Te Herenga Waka—Victoria University of Wellington researcher Nora Parore (Ngāti Whātua, Ngāpuhi) has received a Health Research Council (HRC) Clinical Research Training Fellowship to examine Māori experiences of pharmacists and the health system.

The project, He tono whakapiki ora: Whānau and Pharmacists’ knowledge exchange, will explore whānau experiences of pharmacists’ services, as well as pharmacist experiences of developing services, to determine whether the pharmacy sector aligns with the principles and practices of Whānau Ora models of care.

Ms Parore is a Māori Health Research Fellow at the University and registered pharmacist with 12 years of experience as a community pharmacist. She is also an executive committee member of Ngā Kaitiaki o Te Puna Rongoā o Aotearoa—The Māori Pharmacists’ Association. The funded project is part of her doctoral studies.

She says research into pharmacy service development and policy for Māori is limited, and recent reports such as the WAI 2575 Health Services and Outcomes Kaupapa Inquiry, the New Zealand Health and Disability System Review, and the Pharmacy Action Plan 2016–2020 show more information is needed.

“Current literature tells us pharmacists are under-utilised and under-valued. We want to understand how and why whānau do or do not interact with pharmacists and pharmacies, as well as examine pharmacists’ perspectives on how services are developed, and what the barriers and enablers to innovation are,” she says.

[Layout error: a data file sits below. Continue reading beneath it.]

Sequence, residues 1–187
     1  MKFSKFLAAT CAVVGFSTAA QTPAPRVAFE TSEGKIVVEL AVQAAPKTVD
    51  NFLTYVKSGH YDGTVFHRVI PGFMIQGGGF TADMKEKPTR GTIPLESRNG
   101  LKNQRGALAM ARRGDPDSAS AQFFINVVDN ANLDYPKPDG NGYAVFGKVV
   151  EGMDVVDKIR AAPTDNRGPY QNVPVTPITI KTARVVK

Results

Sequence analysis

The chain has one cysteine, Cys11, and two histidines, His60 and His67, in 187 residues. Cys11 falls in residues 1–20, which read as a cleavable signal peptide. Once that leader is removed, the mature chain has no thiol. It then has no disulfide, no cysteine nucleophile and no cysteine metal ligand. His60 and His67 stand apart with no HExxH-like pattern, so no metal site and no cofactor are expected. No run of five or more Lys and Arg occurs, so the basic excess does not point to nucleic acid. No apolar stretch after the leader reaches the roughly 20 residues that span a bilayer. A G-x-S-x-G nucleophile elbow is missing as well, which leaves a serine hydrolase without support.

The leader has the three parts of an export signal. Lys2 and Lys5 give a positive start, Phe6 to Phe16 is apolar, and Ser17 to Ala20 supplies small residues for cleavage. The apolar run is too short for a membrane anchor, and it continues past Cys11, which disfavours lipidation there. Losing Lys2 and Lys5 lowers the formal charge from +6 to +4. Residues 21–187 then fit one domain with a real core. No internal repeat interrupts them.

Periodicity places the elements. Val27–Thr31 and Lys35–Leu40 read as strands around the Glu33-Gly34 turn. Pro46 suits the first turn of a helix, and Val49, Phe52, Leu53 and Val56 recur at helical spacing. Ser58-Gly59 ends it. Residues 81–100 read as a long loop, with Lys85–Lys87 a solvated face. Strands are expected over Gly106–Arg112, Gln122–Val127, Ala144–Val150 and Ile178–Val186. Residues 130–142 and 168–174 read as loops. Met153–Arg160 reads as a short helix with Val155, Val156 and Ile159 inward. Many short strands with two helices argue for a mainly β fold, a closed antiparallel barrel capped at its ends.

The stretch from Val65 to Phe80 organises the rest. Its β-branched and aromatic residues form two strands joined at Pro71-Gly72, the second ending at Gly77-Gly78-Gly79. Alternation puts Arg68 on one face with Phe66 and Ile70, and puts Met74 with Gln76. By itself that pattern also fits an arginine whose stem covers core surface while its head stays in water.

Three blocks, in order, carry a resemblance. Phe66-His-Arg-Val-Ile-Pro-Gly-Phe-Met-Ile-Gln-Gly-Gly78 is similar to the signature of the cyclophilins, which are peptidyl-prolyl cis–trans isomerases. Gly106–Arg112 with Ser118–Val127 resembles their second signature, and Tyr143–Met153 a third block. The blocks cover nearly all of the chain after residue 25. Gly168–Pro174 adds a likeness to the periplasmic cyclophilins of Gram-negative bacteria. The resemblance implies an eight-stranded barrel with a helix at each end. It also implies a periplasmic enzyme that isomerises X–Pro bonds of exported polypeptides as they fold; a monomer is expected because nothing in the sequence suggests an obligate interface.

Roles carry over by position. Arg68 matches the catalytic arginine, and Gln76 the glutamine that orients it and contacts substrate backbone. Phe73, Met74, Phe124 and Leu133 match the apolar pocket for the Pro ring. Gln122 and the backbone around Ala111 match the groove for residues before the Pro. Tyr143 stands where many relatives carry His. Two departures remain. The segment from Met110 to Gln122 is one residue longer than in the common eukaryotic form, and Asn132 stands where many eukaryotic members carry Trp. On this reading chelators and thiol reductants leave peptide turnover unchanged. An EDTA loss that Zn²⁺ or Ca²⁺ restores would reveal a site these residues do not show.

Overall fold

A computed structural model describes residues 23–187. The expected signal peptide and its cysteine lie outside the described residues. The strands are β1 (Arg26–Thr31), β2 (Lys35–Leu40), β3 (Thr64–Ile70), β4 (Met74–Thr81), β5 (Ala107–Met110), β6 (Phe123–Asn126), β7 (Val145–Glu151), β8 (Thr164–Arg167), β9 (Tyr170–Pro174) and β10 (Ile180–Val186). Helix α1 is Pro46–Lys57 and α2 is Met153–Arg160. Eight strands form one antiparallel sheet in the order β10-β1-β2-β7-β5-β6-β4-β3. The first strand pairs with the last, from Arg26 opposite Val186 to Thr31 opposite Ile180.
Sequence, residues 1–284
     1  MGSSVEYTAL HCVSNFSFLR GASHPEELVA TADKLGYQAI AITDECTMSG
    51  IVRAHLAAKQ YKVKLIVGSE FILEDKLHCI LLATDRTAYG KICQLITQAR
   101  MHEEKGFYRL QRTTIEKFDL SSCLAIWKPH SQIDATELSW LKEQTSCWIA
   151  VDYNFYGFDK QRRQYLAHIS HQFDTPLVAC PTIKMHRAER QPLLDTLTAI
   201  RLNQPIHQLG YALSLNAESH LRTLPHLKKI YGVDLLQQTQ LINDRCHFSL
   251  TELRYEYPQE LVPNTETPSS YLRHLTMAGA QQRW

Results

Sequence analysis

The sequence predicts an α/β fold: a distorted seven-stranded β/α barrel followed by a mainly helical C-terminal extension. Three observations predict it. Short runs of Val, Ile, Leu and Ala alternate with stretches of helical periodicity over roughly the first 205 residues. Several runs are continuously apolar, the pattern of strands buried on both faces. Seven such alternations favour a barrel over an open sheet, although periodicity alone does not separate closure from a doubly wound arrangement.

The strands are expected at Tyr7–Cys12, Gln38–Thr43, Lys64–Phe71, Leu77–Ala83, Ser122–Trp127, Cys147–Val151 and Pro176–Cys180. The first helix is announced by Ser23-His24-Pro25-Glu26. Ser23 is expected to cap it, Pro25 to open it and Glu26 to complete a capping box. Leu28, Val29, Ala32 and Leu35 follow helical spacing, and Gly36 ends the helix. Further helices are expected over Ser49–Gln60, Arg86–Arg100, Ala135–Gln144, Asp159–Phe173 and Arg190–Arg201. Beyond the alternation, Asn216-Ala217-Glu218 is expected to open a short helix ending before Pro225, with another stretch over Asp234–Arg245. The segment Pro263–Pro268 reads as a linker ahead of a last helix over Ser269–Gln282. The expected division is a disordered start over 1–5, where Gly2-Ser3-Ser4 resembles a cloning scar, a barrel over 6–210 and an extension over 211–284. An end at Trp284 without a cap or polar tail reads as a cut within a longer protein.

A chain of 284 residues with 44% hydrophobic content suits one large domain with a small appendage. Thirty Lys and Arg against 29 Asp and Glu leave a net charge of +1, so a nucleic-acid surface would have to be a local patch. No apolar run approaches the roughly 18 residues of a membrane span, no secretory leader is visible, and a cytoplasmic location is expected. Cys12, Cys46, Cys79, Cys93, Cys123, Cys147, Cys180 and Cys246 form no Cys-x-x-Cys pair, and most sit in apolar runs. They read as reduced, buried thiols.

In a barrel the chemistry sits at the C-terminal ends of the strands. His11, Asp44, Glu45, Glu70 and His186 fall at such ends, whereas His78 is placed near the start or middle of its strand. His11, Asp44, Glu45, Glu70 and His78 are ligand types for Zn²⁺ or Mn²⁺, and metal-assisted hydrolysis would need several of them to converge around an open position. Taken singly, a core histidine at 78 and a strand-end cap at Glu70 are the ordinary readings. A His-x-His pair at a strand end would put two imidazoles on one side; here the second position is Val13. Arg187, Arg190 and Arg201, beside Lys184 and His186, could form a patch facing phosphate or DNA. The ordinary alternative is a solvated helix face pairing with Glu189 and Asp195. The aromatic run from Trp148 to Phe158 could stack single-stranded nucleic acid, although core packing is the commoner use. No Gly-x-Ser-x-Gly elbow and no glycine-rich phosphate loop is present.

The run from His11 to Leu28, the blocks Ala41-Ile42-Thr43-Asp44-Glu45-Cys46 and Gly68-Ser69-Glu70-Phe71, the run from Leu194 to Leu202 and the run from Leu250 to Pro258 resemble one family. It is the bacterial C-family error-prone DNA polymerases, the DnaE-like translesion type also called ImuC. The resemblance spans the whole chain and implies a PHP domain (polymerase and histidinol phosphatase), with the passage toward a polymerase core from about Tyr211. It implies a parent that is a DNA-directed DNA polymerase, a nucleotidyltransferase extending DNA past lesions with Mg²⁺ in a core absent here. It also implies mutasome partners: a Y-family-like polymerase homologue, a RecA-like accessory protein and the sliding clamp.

“We know whānau want more from pharmacy services, but we don’t know exactly what. It isn’t simply about delivering the same service at the marae.”

Ms Parore is the first researcher at Te Herenga Waka—Victoria University of Wellington to receive the clinical fellowship, and one of only four pharmacists ever to receive the award from the HRC. Research will be conducted in Northland, where she has strong whakapapa and where her extended whānau live. She says the ultimate aim of the research is to reduce health inequities for Māori.

“This is an important piece of the puzzle when it comes to improving health outcomes for Māori. Pharmacists are there to help people get the best out of their medicines, but we need to understand how they can best fulfil this role for Māori to ensure equitable outcomes,” she says.

“I hope this work will also highlight and raise awareness of the important contribution of pharmacists in wider health and wellbeing.”

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